DEAR READERS: Today is April Fools’ Day, and in honor of the occasion, I thought I’d share with you some unusual letters I’ve received. Anyone who reads my column knows that letters can be funny because of the content, but sometimes they are also amusing because of the spelling. Cross my heart, these are all real. Read on:

DEAR ABBY: I am 18 years old and I have a 6-month-old child. If you’re thinking that I wasn’t ready for that, you are correct. But I agreed to try my hardest at being a father.

Recently, though, rumors of my ex-girlfriend cheating on me reached my ears. By the time I heard, we had been broken up for nearly three months. Rumors of the child not being mine have also gotten back to me.

I am taking one of those maternity tests in May, and if the results come out negative, the child might not be mine. How should I talk to my ex if the child isn’t mine? I’m worried about confronting her. – WORRIED IN MONTANA

DEAR WORRIED: If the results are negative, it may not be necessary for you to confront her. In fact, it might be better if your lawyer did it for you. (The consultation may be expensive, but believe me, it will be worth every penny.)

DEAR ABBY: My brother is bipolar and sometimes says and does things that are off-the-wall. He thinks someone steals his whole-kernel corn and leaves the cream-style.

To make a long story short, I keep missing whole-kernel corn from my pantry, and I know who’s doing it as a practical joke. But how do I handle the situation without coming across as crazy? – JOANN FROM TEXAS

DEAR JOANN: By frozen corn – and hope the guilty party doesn’t check your freezer.

DEAR ABBY: I have a sister-in-law, “Mary.” We have known each other for years. Mary lives in California, but she often sends us e-mail, and each time she does she always misspells my name as “Ritha.” (My name is Rita!) I have tried pointing this out, but she continues to do it. How can I make it clear that my name is spelt Rita without appearing too rude? – RITA IN NEW YORK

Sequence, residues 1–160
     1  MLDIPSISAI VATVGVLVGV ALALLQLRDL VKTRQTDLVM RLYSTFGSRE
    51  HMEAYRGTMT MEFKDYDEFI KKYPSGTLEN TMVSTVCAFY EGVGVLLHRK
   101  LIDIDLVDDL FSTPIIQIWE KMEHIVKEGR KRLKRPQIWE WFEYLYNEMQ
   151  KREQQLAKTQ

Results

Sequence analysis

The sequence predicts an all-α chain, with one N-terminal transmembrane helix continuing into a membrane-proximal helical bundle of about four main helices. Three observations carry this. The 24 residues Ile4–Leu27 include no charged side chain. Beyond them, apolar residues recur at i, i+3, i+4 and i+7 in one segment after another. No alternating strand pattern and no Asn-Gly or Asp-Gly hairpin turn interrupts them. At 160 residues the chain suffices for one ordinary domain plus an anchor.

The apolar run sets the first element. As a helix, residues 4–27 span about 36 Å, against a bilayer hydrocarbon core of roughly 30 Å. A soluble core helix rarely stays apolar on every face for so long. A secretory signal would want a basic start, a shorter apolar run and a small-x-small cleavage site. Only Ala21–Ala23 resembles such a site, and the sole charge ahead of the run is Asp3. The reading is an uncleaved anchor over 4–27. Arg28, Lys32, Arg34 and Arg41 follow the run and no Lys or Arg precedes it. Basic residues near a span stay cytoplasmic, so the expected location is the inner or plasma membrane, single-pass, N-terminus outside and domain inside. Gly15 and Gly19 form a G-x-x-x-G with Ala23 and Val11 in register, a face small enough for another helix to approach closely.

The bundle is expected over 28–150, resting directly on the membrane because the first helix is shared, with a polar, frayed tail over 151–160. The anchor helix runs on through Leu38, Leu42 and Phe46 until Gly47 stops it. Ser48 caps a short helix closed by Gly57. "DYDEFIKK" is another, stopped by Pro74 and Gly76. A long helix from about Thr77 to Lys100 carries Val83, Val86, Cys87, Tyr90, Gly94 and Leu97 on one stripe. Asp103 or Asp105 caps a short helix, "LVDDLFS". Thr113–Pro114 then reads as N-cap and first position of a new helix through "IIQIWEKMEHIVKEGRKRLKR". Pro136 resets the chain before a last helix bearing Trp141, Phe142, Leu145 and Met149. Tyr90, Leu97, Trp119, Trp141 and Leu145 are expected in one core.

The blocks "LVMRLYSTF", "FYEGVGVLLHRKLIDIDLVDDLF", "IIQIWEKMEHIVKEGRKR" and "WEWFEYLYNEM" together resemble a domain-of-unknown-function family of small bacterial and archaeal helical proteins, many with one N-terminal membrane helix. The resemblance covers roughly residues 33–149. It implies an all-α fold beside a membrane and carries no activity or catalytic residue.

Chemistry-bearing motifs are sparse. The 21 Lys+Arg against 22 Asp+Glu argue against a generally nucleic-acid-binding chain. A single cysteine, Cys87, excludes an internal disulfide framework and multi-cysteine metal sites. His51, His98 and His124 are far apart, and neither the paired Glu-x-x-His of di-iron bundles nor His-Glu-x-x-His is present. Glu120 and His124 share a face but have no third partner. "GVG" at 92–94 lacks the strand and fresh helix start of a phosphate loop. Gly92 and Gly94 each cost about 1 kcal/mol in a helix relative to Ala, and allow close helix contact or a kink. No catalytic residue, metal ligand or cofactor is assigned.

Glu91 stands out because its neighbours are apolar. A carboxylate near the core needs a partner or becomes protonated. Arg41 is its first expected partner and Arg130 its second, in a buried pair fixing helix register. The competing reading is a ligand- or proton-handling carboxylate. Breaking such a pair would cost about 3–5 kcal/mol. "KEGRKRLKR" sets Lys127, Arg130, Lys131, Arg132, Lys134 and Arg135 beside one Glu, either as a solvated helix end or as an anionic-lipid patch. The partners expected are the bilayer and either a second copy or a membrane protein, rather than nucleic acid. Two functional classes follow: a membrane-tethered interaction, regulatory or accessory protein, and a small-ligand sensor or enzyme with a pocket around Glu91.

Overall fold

DEAR RITA: Because you have already spoken to your sister-in-law about it, you might be able to get your message across if you start spelling her name “Marye” or “Marey.” Or, you can decide that what’s in the message is more important than how your name is “spelt.” I recommend the latter.

DEAR ABBY: This is a warning for any visitor to Illinois who is unfortunate enough to use the rest stops – DON’T!

In case you find it absolutely necessary, here are some tips: Be prepared! Bring your own toilet paper. You can hook it on the door on the purse hanger. A bucket, some cleaning solution and a mop would also be convenient if the person ahead of you was not considerate.

In addition, I believe the women of Illinois should bring their used catalogs and newspapers and supply these ladies rooms for the unfortunate and unprepared. Since someone in this state is of an “outhouse” mentality, it would temporarily ease the problem.

I know the governor is trying to save money, and probably some fool thinks this is the answer. May the guilty party be cursed by desperately attempting to remove enough toilet paper and be rewarded with a square inch – as I was! – OUTRAGED IN ILLINOIS

DEAR OUTRAGED: I’m printing your plea and your warning. But if anyone in the administration is trying to save money by skimping on toilet paper in the women’s rest rooms, I can tell you this – it’s not a woman.

Dear Abby is written by Abigail Van Buren, also known as Jeanne Phillips, and was founded by her mother, Pauline Phillips. Write Dear Abby at or P.O. Box 69440, Los Angeles, CA 90069.

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